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Monday, September 2, 2013


Scissors art, AKA silhouettes

A silhouette of Silhouette? Maybe, maybe not.
(date and artist unknown) 
A few weeks ago I wrote on origami (07-21-13), the Japanese art of folding paper in which scissors are forbidden. Today it occurred to me to put in a word for the flip side, what I initially wanted to call "scissors art," though the preferred term still seems be silhouettes. I like my designation better; it's broader and yet more precise. Technically, a silhouette is a backlit image in which little or no detail is visible except for the basic outline. Moreover such images can be created using virtually any method or medium the artist might choose, up to and including merely tracing the figure's shadow cast by a strong light on a vertical surface. "Scissors art," describes precisely the traditional and most demanding method of creating such images, the use of a tiny pair of scissors and a thin, black card relying on nothing more than the artist's expert eye-hand coordination. Now that's a skillful artist. Anyone can draw with a pencil, especially one with an eraser the end, but scissors don't come with erasers. Even a minor error means starting over--perhaps the most unforgiving art form known to man.

Hawk in Flight, Dmytro & Juliia
The silhouette described above dates back to around the mid-18th century, back to a time before photography when those wanting small portraits of loved ones were obliged to pay a miniaturist substantial sums for a painted image in oils. Those wishing a less expensive image had to settle for a no-frills shadow profile likeness cut from black paper in as little as three minutes. The cutout was then mounted on a white background ready for framing. The cost in England around 1800 was a half-crown (who knows how much that might be in today's currencies, they don't make half-crowns anymore). The actual name comes from the French finance minister, Etienne de Silhouette (above, right) who, in 1756, was forced to implement budget cuts and tax increases, especially on the wealthy. His name thus became a synonym for anything done cheaply.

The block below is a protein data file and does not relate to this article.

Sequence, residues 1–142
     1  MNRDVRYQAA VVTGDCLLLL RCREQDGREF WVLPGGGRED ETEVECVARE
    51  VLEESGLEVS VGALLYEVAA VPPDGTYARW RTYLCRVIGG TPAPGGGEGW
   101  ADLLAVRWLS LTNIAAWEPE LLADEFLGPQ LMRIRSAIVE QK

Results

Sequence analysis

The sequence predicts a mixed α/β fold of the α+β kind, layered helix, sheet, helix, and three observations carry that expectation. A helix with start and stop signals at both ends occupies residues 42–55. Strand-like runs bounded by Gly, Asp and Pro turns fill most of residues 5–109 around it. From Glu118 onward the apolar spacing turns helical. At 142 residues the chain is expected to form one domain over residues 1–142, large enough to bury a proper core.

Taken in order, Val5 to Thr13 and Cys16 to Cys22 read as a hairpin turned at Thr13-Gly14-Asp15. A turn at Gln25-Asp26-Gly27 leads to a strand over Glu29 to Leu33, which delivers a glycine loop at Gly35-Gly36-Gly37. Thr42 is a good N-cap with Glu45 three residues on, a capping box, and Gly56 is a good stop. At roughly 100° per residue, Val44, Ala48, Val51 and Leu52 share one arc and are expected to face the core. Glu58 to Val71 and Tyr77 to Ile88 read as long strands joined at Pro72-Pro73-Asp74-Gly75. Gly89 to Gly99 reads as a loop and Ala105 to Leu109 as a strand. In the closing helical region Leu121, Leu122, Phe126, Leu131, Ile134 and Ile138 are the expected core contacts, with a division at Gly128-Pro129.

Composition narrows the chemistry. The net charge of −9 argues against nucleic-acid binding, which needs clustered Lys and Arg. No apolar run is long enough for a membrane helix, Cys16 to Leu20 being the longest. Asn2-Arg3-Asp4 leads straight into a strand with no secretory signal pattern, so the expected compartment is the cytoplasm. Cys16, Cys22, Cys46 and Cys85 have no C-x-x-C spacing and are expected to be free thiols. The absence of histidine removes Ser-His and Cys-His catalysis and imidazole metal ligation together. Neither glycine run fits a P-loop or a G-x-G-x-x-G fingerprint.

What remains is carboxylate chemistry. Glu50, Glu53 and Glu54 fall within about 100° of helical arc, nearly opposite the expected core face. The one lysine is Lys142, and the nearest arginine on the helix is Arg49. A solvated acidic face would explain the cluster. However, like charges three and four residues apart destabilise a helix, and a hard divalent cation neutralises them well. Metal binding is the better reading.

Entertainment art meets instant art.

The color work of Paperosity
expert, Cindi Harwood Rose
Strangely, miniature portrait painters mostly "bit the dust" more than a century ago (or else they all went blind). Yet today, silhouette artists survive....even thrive. Why? In part at least, it's because they've moved into the realm of performance art, able to demonstrate the precise manual dexterity of a brain surgeon combined with the highly discerning eye of the portrait artist (above). They're a major hit at sidewalk art shows and birthday or wedding celebrations of the well-to-do, entertaining guests or selling their art at art fairs for the same, low, low prices (adjusting for inflation, of course) as their artistic ancestors two-hundred years ago. And, while their forbearers were really quite good at that they did, silhouette artists today have move this art form to the level of really incredibly amazing. Today's silhouette artists are not content to merely cut outlines, but now snip out tiny details in the middle as seen in the Hawk in Flight (above, right). Moreover, they're no longer just tiny, purse-size creations, but now sometimes take on the dimensions of wall-size murals. Likewise, it's not just black on white anymore either. Photos, colored paper, and other backgrounds (sometimes airbrushed) have become popular (bottom). And though faces and figures still form the bulk of what they do, silhouette artists today have spread their scissors to tackle virtually every type of content other artists embrace. And that's a profile on silhouettes.

Silhouette landscape by Guatemalan artist, Aritz Bermudez--literally cut and paste.


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